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Synthetic antimicrobials based on natural toxins

   Department of Biosciences

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  Prof T Blower, Dr J Marles-Wright, Prof SL Cobb  No more applications being accepted  Funded PhD Project (Students Worldwide)

About the Project

Tuberculosis remains the deadliest bacterial disease on the planet, killing around 1.5 million people each year. It can be treated, but antibiotic resistance is increasing. Mycobacterium tuberculosis can survive antibiotic treatment by slowing down its growth using naturally occurring toxins made inside tuberculosis cells. Some of these toxins target the essential process of untangling DNA after it replicates. We have characterised the topoisomerase enzyme that performs this untangling activity, and have shown that toxins inhibit its action. This project aims to generate atomic resolution models of toxin activity, so we can synthesise antimicrobial mimics for treating infections.

Research Project


Mycobacterium tuberculosis (Mtb) infects one-third of the world’s population and in 2021 accounted for 1.6 million deaths. Mtb is a bacterium encoding eighty different toxin-antitoxin loci, which perform multiple roles including antibiotic resistance and controlling dormancy inside host macrophages. These loci include two homologues of the widespread parDE toxinantitoxin family that targets DNA gyrase, an essential topoisomerase necessary for DNA replication. DNA gyrase is also the target of multiple antibiotic families, such as the fluoroquinolones, which have annual sales of ~$8 bn. We have completed the first structural studies of Mtb gyrase:fluoroquinolone complexes that examined modes of fluoroquinolone action and host resistance. Now, we will apply this knowledge to structurally characterise gyrase:ParE complexes and develop ParE toxin mimics for use as novel antimicrobials against a range of bacterial pathogens. Students undertaking this project will receive inter-disciplinary training in molecular biology, microbiology, protein production, structural biology (X-ray crystallography and cryo-Electron Microscopy), and peptide synthesis.

Research Plan

This cross-institution, multi-disciplinary project will use a combination of biochemistry and structural biology to investigate gyrase inhibition by bacterial toxins. The student will examine multiple aspects;

  1. Identify residues determining gyrase:ParE interactions by AlphaFold modelling, site-directed mutagenesis, binding studies and biochemistry;
  2. Experimentally confirm the structural nature of gyrase inhibition, through both X-ray crystallography and cryo-EM;
  3. Generate peptide/peptoid mimics of ParE toxins that can be used as inhibitors of gyrase, and learn how to target other bacterial species dependent on cognate gyrase/ParE sequences.

This project addresses a long-standing question regarding how the widespread ParE family is toxic, will provide insight into the biochemistry of the proven and essential antibiotic target, gyrase, and will develop insight into how naturally occurring toxins might be weaponised as novel antimicrobials.

Training & Skills

Methodology and Research Training

The proposed work will provide excellent inter-disciplinary training in diverse techniques:

  1. Molecular Microbiology and protein biochemistry: The student will learn molecular biology, microbiology, protein purification techniques and biochemical assays, focussing on protein-protein and protein-DNA interactions, such as size exclusion chromatography, co-immunoprecipitation, fluorescence anisotropy, and gyrase activity assays (Blower)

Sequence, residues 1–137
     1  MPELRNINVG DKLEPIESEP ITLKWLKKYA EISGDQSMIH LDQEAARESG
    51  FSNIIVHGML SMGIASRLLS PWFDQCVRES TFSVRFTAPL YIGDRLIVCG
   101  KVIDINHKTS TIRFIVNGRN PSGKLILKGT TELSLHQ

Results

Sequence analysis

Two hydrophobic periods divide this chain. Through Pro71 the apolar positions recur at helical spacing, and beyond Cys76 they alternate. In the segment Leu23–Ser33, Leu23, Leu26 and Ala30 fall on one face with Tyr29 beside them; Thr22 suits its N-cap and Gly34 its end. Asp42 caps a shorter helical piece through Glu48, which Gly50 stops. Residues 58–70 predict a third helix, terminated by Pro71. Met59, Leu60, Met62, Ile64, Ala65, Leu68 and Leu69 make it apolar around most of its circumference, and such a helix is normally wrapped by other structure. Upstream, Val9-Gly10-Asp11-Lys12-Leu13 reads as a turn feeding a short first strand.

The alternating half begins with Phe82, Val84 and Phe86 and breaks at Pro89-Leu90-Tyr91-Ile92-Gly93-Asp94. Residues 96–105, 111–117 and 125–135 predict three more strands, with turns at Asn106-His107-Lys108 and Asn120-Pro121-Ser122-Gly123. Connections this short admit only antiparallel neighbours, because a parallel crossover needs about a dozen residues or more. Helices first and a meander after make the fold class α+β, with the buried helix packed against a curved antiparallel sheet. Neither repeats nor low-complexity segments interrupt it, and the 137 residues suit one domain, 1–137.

2. Structural biology: The student will learn to prepare crystals for X-ray diffraction experiments (Blower), and how to prepare samples and grids for negatively stained and cryo- electron microscopy (Marles-Wright). The student will learn methods of structural data collection, data processing, and AlphaFold modelling (Blower and Marles-Wright).
  3. Peptide chemistry: the student will learn peptide and peptoid chemistry for production of ParE toxin mimics to inhibit topoisomerases (Cobb).

This will prepare the student for research in both industry and academia, in the fields of microbiology, structural biology, biochemistry and drug development. The student will also have opportunities to work in multiple research groups, attend conferences, and develop professional writing, presentation and networking skills.

Further Information

Please contact the Project Lead for more information, Prof Tim Blower: [Email Address Removed]

Please also refer to:, Twitter: @blowerlab

How to Apply

To apply for this project please visit the Durham University application portal to be found at: Home · Application Portal (

Please select the course ‘PhD in Molecular Sciences for Medicine (EPSRC CDT)’, which is registered in the Chemistry Department and indicate the reference mos23_01 in the ‘Field of Study’ section of the application form. Please note that there is no need to submit a Research Proposal with your application, however we do require a Covering Letter, CV, academic transcripts, the contact details of two referees and proof of English language proficiency if relevant.

Within the MoSMed CDT we are committed to building a diverse community based on excellence and commitment. To that end in our recruitment of Doctoral Researchers we welcome applications from outstanding candidates of all backgrounds regardless of ethnicity, disability, gender identity, sexual orientation and will consider all applications equally based on merit.

Should you have any queries regarding the application process at Durham University please contact the Durham MoSMed CDT Manager, Emma Worden at: [Email Address Removed]

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